I saw this one browsing our new book shelf the other day and after reading the cover blurb I had to pick it up. Here’s what I thought:
The beginning of this book is really cool – I’m always a sucker for ‘start at the end and show how you got there’ sorts of plot devices – but to begin after the main character’s death, get hints of the backstory in her narration, and then immediately move on to a second first-person narration that truly feels like an entirely different person? GIVE ME MORE.
And more was deftly delivered. This is a complex story, filled with the cultural and social norms of India and Saudi Arabia as seen through the eyes of four teens: Zarin, Porus, Farhad and Mishal, who live in Jeddah, Saudi Arabia.
It is a difficult story of two women, one an adult and one just on the cusp of adulthood, who suffer from the history of thier family.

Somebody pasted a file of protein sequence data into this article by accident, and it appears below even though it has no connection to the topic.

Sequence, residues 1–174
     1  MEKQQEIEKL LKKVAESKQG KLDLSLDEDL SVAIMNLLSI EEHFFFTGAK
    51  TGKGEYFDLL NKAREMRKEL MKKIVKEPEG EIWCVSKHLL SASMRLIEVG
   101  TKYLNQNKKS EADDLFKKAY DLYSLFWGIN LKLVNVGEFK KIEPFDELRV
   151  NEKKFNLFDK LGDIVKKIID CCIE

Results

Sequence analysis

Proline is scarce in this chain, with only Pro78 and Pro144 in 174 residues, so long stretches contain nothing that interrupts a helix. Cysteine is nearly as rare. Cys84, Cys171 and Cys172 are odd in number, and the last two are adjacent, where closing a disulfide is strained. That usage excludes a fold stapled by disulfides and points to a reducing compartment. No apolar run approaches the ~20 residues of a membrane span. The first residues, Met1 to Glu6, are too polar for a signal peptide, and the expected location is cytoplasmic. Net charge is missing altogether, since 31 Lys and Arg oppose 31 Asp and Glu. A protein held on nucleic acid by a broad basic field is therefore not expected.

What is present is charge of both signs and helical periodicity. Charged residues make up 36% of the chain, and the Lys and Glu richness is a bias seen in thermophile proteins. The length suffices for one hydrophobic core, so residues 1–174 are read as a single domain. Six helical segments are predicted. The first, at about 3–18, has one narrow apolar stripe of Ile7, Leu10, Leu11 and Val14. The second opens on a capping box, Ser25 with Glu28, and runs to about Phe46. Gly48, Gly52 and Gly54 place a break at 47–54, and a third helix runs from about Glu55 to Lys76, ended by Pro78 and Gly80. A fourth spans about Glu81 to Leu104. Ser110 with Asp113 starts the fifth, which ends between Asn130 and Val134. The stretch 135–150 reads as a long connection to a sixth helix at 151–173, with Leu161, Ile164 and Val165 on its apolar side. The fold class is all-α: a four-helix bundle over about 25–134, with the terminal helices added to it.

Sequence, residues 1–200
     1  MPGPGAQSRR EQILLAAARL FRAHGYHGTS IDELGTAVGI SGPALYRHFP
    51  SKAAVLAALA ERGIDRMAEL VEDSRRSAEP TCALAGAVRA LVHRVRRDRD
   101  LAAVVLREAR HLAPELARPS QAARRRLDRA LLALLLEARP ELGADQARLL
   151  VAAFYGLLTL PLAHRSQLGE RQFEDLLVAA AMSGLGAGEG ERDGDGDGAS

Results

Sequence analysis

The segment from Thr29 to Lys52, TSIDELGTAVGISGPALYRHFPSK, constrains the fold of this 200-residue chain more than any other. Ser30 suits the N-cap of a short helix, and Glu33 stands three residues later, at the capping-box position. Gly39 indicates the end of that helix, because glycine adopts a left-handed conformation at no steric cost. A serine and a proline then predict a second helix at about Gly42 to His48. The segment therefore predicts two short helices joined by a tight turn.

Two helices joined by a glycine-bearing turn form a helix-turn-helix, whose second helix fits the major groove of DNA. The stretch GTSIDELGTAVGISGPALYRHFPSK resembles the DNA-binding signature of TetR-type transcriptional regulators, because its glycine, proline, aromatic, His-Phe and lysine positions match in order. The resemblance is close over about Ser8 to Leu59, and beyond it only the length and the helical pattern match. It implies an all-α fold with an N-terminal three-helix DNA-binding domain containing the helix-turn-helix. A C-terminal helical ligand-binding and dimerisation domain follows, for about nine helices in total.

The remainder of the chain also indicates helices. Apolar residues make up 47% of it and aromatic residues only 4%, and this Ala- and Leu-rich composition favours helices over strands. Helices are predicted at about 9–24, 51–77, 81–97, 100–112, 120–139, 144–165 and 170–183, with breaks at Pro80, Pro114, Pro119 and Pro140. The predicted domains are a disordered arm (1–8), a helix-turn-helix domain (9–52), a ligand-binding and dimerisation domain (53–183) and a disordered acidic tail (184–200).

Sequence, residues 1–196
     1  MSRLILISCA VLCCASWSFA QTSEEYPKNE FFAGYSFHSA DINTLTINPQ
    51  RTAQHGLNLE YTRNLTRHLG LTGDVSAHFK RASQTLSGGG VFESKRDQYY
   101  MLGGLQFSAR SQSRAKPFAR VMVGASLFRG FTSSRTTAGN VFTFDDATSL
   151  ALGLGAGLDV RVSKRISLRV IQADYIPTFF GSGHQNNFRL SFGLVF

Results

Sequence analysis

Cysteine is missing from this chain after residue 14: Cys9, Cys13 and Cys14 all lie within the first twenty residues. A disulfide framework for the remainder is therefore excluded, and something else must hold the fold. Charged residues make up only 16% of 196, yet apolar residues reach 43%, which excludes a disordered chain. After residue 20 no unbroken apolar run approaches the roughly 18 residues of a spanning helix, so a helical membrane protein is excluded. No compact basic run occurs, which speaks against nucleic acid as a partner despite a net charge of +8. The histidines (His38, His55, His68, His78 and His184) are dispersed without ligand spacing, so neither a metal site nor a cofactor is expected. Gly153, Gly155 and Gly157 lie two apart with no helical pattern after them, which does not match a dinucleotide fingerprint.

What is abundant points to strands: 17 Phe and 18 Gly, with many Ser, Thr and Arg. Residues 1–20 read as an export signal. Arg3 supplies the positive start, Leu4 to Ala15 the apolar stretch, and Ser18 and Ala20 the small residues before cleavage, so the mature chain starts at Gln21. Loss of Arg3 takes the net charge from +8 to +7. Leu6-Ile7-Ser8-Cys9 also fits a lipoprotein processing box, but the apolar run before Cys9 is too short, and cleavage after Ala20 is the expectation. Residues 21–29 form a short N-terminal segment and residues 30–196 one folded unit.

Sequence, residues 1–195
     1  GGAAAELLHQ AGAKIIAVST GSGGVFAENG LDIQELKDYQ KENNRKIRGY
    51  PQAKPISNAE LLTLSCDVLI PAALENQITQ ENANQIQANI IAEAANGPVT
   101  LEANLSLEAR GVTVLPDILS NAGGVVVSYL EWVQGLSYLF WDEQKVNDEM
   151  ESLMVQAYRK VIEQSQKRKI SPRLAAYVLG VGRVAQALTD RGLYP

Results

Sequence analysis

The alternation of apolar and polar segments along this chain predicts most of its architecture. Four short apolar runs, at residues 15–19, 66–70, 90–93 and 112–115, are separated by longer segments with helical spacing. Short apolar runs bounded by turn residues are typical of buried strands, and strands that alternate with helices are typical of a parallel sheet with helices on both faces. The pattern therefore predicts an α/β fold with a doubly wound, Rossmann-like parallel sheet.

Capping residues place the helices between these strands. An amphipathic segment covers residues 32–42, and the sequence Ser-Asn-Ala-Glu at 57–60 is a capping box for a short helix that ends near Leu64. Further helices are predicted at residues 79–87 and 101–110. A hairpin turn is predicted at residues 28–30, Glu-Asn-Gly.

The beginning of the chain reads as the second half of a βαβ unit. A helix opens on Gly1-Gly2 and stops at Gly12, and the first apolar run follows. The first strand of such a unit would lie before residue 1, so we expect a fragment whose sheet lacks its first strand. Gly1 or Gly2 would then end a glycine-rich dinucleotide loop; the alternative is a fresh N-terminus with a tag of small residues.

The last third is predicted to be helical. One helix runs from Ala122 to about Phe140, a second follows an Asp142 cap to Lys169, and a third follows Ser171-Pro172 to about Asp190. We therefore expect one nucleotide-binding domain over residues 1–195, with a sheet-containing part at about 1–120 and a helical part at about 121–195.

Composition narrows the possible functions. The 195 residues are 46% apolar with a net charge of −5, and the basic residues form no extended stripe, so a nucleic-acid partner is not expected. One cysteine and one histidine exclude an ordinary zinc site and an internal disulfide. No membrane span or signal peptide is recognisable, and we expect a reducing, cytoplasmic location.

It is a troubling story of double-standards and the struggle to understand what that means for both sides of that standard.
It is the universal story of a search for meaning, love, acceptance.
It is a beautiful story, and sad.
But. This is not a story for everyone. Depictions of abuse are common. Sexuality is a core theme. These are dealt with through the eyes of teens who have grown up in – and are accustomed to – the sorts of behaviors depicted. If these sorts of topics are an issue for you, please exercise caution.
That said, it is nuanced and every one of the main voices rings with its own personality and truth, even the main antagonists. No one is what they seem, but everyone is true to who they are.
If you’re looking for a book to make you think, to pull questions from you that you weren’t sure needed asking, this is the book to do it.